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FA 121 8 September, 1998


I am very disturbed about the recent detention of a large number of representatives of the National League for Democracy (NLD) and others for merely peacefully expressing their political opinion. Our Embassy in Rangoon is urgently seeking further details about the reported detentions.

I reiterate the Australian G overnm ent's call for the parties in Burma to show restraint at this time. The recent contact between the NLD and the State Peace and Development Council was a welcome development, and we continue to hope that the parties will enter into substantive discussions as soon as possible, leading to genuine dialogue and political reform.

The Australian Government has consistently and strongly advocated the need for change in Burma. I personally raised our concerns with the Burmese Foreign Minister, U Ohn Gyaw, during the ASEAN ARF/PM C meetings in Manila at the end of July. I also took part in a meeting of like-minded nations at that forum designed to pressure the Burmese Government to allow Aung San Suu Kyi greater freedom of movement in Burma.

Subsequently during the Australia-U.S. Ministerial discussions in Sydney, in concert with the U S. Secretary of State, Madeleine Albright, I also telephoned the United Nations Secretary General, Kofi Annan, to encourage him to become personally involved in seeking a solution to the political problems in that country.

I also note a statment today by Labor's Foreign Affairs spokesman, Mr Brereton, making a fatuous claim he would unpose sanctions on Burma. Examination of his statement shows his proposed measures would do no such thing.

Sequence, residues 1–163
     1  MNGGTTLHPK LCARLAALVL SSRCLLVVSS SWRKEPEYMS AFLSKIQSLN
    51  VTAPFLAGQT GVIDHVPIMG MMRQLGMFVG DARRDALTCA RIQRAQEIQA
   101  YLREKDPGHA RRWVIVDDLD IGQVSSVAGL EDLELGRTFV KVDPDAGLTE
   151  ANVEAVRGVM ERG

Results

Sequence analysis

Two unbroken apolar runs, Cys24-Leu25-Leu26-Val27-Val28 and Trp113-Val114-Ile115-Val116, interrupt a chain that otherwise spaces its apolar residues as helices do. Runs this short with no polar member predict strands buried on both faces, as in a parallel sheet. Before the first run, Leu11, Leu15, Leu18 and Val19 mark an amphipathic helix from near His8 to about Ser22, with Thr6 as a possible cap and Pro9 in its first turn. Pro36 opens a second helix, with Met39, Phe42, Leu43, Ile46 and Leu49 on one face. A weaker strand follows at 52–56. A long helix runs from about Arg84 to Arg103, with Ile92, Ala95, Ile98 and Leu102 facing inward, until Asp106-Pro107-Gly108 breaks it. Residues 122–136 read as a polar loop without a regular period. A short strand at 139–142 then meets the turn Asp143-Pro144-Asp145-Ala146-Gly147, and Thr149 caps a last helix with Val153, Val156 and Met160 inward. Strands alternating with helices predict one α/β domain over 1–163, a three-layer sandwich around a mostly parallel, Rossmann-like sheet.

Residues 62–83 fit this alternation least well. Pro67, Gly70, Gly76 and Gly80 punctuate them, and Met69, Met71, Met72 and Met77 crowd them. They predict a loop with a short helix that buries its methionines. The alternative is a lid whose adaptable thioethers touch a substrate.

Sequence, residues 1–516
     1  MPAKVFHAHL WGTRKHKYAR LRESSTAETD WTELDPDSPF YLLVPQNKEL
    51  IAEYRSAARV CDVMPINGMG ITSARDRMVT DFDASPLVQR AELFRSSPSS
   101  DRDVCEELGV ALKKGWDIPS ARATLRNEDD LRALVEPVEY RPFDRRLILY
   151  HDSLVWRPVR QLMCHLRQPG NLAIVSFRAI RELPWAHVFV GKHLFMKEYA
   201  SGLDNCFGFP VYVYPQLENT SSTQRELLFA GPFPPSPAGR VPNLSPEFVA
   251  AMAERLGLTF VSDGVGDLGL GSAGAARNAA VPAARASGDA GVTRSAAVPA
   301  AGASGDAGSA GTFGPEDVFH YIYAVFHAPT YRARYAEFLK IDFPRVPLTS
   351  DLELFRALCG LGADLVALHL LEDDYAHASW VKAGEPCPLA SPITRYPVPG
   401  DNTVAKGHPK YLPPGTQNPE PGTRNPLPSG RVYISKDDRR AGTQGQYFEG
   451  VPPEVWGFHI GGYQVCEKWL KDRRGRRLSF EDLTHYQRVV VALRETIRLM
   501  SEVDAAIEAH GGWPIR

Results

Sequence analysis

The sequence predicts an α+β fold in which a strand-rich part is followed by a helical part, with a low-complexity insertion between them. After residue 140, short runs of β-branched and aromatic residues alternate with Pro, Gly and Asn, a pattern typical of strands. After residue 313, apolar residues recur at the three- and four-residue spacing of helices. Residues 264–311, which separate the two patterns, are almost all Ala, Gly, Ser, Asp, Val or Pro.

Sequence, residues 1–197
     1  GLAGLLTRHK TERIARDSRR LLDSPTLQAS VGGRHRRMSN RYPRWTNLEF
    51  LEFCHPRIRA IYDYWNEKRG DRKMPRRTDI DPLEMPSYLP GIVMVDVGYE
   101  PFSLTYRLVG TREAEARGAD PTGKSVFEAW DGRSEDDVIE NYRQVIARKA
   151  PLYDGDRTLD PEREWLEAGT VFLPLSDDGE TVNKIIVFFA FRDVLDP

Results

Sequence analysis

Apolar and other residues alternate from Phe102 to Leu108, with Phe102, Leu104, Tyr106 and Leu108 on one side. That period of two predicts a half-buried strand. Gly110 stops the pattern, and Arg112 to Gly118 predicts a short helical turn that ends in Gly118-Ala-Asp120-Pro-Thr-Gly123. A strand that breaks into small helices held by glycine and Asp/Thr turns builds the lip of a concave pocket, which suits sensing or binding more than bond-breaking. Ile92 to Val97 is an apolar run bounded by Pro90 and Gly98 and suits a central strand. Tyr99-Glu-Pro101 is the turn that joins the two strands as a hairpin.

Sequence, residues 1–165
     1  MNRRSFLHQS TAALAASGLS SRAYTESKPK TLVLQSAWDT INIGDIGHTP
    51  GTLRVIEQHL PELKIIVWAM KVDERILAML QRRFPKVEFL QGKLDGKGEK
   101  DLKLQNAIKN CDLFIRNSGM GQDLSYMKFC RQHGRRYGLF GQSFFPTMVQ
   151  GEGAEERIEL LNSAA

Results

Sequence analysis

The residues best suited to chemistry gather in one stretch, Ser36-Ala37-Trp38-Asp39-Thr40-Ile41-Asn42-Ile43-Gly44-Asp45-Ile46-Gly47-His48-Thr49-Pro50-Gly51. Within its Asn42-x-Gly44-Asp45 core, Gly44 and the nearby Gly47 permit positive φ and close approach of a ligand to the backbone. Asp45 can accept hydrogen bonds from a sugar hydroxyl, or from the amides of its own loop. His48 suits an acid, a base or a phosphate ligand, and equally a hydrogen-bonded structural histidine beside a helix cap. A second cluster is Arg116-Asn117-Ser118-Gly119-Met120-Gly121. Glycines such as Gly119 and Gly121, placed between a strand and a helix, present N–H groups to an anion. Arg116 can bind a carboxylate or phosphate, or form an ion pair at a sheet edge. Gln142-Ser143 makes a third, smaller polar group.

Never let it be forgotten M r Brereton and the Labor Party had six years from the overthrow of the Burmese Government to the time they lost office in 1996 to impose sanctions on Burma. They didn't and they w on’t now. The only possible measure is a ban on new investment in Burma. In the year to M arch 1998, Australian direct foreign investment in Burma totalled just 0.124 per cent of the total approved direct foreign investment in that country. Mr Brereton’s

measure would have absolutely no impact at all.

Mr Brereton also appears to overlook the fact that if Australia completely shut the door on Burma we would lose all influence in that country where we are playing a leading role in putting pressure on the Burmese mi litary regime to return to democracy while remaining in close communication with a range o f pro-democracy campaigners.

Media contact: Innes Willox 0419 206 890

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